In another example, Milarepa who felt he would never get the teachings from Marpa, enlisted Dagmema’s help to get the teachings of Ngogdon Choku Dorje, one of the Four Pillars of Marpa’s disciples. He had come to Marpa with his own group of disciples, with a hundred mules and many offerings in order to take more teachings. Milarepa and Dagmema convinced Ngogpa Choku Dorje to give teachings to Mila. He didn’t really want to but felt obliged by Dagmema. So he gave Milarepa some teachings. 

Marpa becomes angry at Ngogpa and Dagmema for helping Milarepa again (she locks herself in the temple to avoid his wrath) but eventually,  says to them all that:

“If everything is carefully examined, not one of us is to be blamed. I have merely tested Great Magician to purify him of his sins. If the work on the tower had been intended for my own gain, I would have been gentle in the giving of orders. Therefore I was sincere. Being a woman, the mistress was also right not to be able to bear the situation, yet her excessive compassion in deceiving with the sacred objects and the forged letter was a serious indulgence.

Ngokpa, you were right in the matter you have related. However, go now and bring me those sacred objects and afterward I will give them to you. Great Magician was burning with desire for religion, and he was right to use any means to obtain it. Ngokpa did not know that the mistress had sent someone under false pretenses. This is why he gave Great Magician initiation and instruction. Thus, I shall not look for a way to punish him. Although my anger rose like floodwater, it was not like worldly anger. However they may appear, my actions always come from religious considerations which, in essence, conform to the Path of Enlightenment.

As for the rest of you who are not yet immersed in religion, do not let your faith be shaken. Had this son of mine completed nine great ordeals, his complete Enlightenment, without future rebirth, would have been achieved without leaving any bodily residue. Since, due to Dagmema’s weakness, that did not take place, there will remain a faint stain of defilement with him. However, his great sins have been erased by his eight great afflictions of mind and by his numerous small agonies. Now, I receive you and will give you my teaching, which is as dear to me as my own heart. I will help you with provisions and let you meditate and be happy.”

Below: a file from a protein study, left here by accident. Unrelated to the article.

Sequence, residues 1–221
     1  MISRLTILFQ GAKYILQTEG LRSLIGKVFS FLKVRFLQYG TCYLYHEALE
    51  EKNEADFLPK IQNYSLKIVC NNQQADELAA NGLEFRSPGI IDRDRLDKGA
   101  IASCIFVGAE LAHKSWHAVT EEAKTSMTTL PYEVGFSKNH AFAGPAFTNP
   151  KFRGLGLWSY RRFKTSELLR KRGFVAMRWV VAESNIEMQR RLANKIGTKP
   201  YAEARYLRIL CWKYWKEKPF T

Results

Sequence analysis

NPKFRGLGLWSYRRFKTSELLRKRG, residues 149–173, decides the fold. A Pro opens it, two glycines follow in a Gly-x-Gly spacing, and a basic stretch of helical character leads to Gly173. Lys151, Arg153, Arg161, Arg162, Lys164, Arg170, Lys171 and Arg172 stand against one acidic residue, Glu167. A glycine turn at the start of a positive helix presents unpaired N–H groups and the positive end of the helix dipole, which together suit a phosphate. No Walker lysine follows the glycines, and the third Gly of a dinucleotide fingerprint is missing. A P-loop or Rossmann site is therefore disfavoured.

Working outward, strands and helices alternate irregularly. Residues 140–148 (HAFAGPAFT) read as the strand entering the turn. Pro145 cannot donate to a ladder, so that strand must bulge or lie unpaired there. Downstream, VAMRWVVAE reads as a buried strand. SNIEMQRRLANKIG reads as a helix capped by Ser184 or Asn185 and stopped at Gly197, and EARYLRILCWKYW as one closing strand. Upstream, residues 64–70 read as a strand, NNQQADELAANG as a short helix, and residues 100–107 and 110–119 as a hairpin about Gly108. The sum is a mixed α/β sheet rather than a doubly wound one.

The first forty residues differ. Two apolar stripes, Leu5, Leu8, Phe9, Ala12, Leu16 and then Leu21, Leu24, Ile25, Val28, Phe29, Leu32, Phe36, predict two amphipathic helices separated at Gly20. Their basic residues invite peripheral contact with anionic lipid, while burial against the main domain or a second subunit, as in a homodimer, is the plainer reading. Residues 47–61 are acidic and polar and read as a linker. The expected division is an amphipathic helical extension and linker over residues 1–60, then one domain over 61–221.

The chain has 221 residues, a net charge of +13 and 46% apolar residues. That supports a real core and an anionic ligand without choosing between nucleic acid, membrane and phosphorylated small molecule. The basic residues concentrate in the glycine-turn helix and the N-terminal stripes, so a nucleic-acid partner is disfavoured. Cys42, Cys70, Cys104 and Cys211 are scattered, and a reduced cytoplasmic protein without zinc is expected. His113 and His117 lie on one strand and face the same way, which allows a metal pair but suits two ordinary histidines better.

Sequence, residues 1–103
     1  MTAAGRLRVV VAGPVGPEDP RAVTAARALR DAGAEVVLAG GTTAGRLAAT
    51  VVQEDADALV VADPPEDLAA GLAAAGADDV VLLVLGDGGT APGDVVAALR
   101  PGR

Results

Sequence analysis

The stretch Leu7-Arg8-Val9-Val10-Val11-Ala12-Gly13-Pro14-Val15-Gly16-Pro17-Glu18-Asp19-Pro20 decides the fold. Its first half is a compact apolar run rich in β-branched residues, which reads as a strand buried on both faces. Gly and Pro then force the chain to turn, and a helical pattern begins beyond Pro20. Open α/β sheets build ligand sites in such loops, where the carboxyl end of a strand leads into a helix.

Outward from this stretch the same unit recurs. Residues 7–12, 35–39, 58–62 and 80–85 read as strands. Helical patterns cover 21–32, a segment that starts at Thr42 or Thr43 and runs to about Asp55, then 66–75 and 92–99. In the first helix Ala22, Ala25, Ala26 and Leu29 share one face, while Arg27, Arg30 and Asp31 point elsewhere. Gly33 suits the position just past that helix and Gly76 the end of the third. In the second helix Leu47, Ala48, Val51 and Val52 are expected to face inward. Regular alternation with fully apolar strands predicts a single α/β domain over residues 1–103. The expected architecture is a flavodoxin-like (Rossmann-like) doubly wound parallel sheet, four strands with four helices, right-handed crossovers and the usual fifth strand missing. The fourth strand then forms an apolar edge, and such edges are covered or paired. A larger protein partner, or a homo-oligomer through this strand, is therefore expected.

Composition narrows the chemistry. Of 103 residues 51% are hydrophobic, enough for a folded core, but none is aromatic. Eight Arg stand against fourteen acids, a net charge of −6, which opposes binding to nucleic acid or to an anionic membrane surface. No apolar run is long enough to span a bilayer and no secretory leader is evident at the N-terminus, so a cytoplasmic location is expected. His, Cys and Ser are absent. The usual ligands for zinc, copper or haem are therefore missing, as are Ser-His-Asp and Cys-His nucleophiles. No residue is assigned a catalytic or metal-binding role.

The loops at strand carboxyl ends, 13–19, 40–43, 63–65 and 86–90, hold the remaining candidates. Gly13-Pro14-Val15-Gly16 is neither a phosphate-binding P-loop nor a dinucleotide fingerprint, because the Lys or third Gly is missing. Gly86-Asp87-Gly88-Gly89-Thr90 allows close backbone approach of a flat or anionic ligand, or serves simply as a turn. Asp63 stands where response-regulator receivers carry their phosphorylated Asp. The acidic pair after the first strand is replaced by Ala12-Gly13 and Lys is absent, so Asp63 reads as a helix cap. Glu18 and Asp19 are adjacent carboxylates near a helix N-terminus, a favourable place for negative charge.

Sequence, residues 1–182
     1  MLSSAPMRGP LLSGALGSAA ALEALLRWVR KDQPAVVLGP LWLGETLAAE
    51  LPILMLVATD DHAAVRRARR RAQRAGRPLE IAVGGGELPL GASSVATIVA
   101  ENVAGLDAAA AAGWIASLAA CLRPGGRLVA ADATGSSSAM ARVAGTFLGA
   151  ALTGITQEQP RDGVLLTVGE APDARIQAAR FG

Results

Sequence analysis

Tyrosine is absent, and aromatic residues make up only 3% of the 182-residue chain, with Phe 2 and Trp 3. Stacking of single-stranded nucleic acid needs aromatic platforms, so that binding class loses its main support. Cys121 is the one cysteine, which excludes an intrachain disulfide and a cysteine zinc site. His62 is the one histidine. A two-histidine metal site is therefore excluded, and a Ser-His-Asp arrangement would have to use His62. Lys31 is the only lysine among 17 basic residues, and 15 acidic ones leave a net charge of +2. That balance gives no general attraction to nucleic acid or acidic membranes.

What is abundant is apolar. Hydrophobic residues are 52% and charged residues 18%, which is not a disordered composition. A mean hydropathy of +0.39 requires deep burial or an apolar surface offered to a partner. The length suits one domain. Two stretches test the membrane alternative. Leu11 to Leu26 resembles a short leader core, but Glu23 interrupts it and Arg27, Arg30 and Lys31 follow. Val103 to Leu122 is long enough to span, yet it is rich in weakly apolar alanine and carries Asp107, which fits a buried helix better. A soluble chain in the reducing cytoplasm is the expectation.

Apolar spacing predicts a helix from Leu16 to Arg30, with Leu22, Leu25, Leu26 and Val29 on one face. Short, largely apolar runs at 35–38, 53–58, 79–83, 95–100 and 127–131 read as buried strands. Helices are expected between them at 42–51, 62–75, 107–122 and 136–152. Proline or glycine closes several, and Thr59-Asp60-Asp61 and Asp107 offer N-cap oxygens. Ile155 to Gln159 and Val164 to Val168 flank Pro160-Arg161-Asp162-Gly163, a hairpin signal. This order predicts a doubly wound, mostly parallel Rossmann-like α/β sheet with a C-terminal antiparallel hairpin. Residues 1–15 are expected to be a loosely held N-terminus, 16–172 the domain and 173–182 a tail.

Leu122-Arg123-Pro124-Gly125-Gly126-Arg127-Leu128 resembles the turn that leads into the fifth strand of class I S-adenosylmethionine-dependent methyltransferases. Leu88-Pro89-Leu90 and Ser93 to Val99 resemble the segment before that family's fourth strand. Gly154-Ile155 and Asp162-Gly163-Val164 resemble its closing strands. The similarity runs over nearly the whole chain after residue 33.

So according to Marpa, Dagmema was right to feel compassion for Milarepa but not to use deception to do so.


There is also an interesting article by Pickens (2019) who discusses the Tibetan language Marpa uses to speak to Milarepa and Dagmema, which gives some idea of his ‘superior’ status even though Dagmema is his wife:

“We see that even though Marpa uses khyod in positive and negative statements, its use always indicates his higher social status. For when Milarepa, Dakmema, and Lama Ngokpa entreat Marpa to do certain things they never address him with khyod or use the imperative. In the next two examples (10 and 11) Dakmema is asking Marpa to teach, but rather than using the imperative her speech is framed as a request (using honorific forms and the verb zhu ba).  Dakmema does not use the imperative towards Marpa, even though her requests are extremely urgent.”

Here is my own translation: “I have decided that you are a bad person for the meaningless work [of building] a fort. Please hold the great magician with compassion and [teach] the Dharma.”  དོན་མེད་ཀྱི་མཁར་ལས་གྱིས་མི་སྡུག་ཐག་གཅོད་པ་འདུག། མཐུ་ཆེན་ལ་ཆོས་ཐུགས་རྗེས་འཛིན་པར་ཞུ༎ .  This suggests, but certainly does not prove that Dagmema was not very close to Marpa though, after all, Tsangnyon Heruka is the author here, not Milarepa, Dagmema or Marpa.
Image: Painting of Marpa with Dagmema and Milarepa. Artist and source unknown.

Another example of how Dagmema has been overlooked and ignored, not only in Buddhist culture and texts, but also in Asian and Western ‘contemporary’ cultures, is in the almost total lack of depictions of Marpa with his wife.

One of the few I have seen is by the eccentric visionary Tibetan Buddhist master and artist, 10th Karmapa, Choying Dorje (1604-1674) which unfortunately is in dire need of restoration.  Hopefully, the 17th Karmapa will do another version of it, as he did with the Marici painting recently, based on the the 10th Karmapa’s painting of her. For more on the 10th Karmapa’s life and art, see here.

Marpa Lotsawa with Dagmema and Milarepa by 10th Karmapa, Choying Dorje. This painting was given to the 10th Karmapa’s attendant and secretary, Kuntu Zangpo. https://www.himalayanart.org/items/33257